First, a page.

More than half of the 23 COVID-19 fatalities in Mercer County have impacted residents and employees at long-term care homes, according to data released Wednesday.
The county has had 12 COVID-19 deaths — all at Grove Manor in Grove City — in long-term care homes. That amounts to 52% of Mercer County’s fatalities.
In the state’s previous long-term care home release on Sept. 28, Grove Manor had 10 fatal cases of the virus.
Countywide, there have been 168 total cases at long-term care homes, with 102 resident infections and 66 affecting employees. That amounts to about 21 percent of the total number of cases in the county.
According to the long-term care home data released Wednesday by the state Department of Health, Grove Manor has had 47 resident cases and 34 employee cases, Orchard Manor has 19 cases for residents and 8 for employees, 25 Quality Life Services residents and 24 employees have tested positive for COVID-19.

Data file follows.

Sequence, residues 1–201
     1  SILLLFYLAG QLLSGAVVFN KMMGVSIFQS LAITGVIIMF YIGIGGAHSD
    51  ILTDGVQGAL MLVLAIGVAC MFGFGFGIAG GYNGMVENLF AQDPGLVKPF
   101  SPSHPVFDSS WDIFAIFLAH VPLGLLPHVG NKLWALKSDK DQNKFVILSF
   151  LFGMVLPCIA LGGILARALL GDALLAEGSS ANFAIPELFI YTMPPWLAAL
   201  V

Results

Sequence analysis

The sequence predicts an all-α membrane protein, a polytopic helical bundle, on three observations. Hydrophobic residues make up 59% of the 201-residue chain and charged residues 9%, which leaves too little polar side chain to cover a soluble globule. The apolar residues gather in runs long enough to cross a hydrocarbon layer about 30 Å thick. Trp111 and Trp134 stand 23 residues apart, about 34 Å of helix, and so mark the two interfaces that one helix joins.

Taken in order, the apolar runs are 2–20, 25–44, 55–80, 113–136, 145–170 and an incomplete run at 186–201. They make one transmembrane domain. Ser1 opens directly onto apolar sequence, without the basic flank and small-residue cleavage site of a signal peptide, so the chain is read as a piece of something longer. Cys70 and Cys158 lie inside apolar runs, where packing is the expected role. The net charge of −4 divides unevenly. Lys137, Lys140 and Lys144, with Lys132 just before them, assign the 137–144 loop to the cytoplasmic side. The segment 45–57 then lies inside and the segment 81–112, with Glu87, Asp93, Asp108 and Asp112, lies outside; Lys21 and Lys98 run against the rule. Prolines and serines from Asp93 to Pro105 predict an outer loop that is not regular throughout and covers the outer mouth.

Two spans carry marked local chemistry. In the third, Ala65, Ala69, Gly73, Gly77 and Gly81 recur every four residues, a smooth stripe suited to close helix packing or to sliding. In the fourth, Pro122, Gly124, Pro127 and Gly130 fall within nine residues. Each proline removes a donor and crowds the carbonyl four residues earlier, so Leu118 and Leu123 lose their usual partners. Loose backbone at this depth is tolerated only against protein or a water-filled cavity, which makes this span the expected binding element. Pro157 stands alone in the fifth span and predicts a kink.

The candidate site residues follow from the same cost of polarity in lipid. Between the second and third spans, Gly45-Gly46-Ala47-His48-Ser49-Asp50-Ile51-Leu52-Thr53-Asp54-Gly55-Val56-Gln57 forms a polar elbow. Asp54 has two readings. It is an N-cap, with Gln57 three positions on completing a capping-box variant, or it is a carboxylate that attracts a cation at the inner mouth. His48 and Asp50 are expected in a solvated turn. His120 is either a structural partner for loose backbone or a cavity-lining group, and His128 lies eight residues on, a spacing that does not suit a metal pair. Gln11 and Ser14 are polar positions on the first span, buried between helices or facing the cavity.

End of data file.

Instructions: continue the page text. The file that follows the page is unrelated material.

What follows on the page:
Since Mercer County’s first recorded case of COVID-19 March 22, there have been 785 cases, 701 confirmed and 84 probables.
In its report Wednesday, the Health Department reported 1,138 new cases, the fourth time with more than 1,000 new positive tests in the last seven days. Since the state’s first recorded COVID-19 case on March 6, there have been 166,552 total infections.
With 28 fatalities reported Wednesday, there have been 8,272 total fatalities in the state.
Mercer County had two new cases included in the Health Department’s report Wednesday. Over the last 14 days, the county’s rate of new infections has remained relatively flat, with the daily figure ranging between two and nine cases.
Pennsylvania Secretary of Health Dr. Rachel Levine said Wednesday that the latest surge in cases has fueled in part by increased infection rates among people 19- to 24-year-old people. In northwestern Pennsylvania, including Mercer County, 23% of new cases affected people in the 19-to-24 age group, compared with 7% in April.
“We know that congregation, especially in college and university settings, yields increased case counts,” Levine said.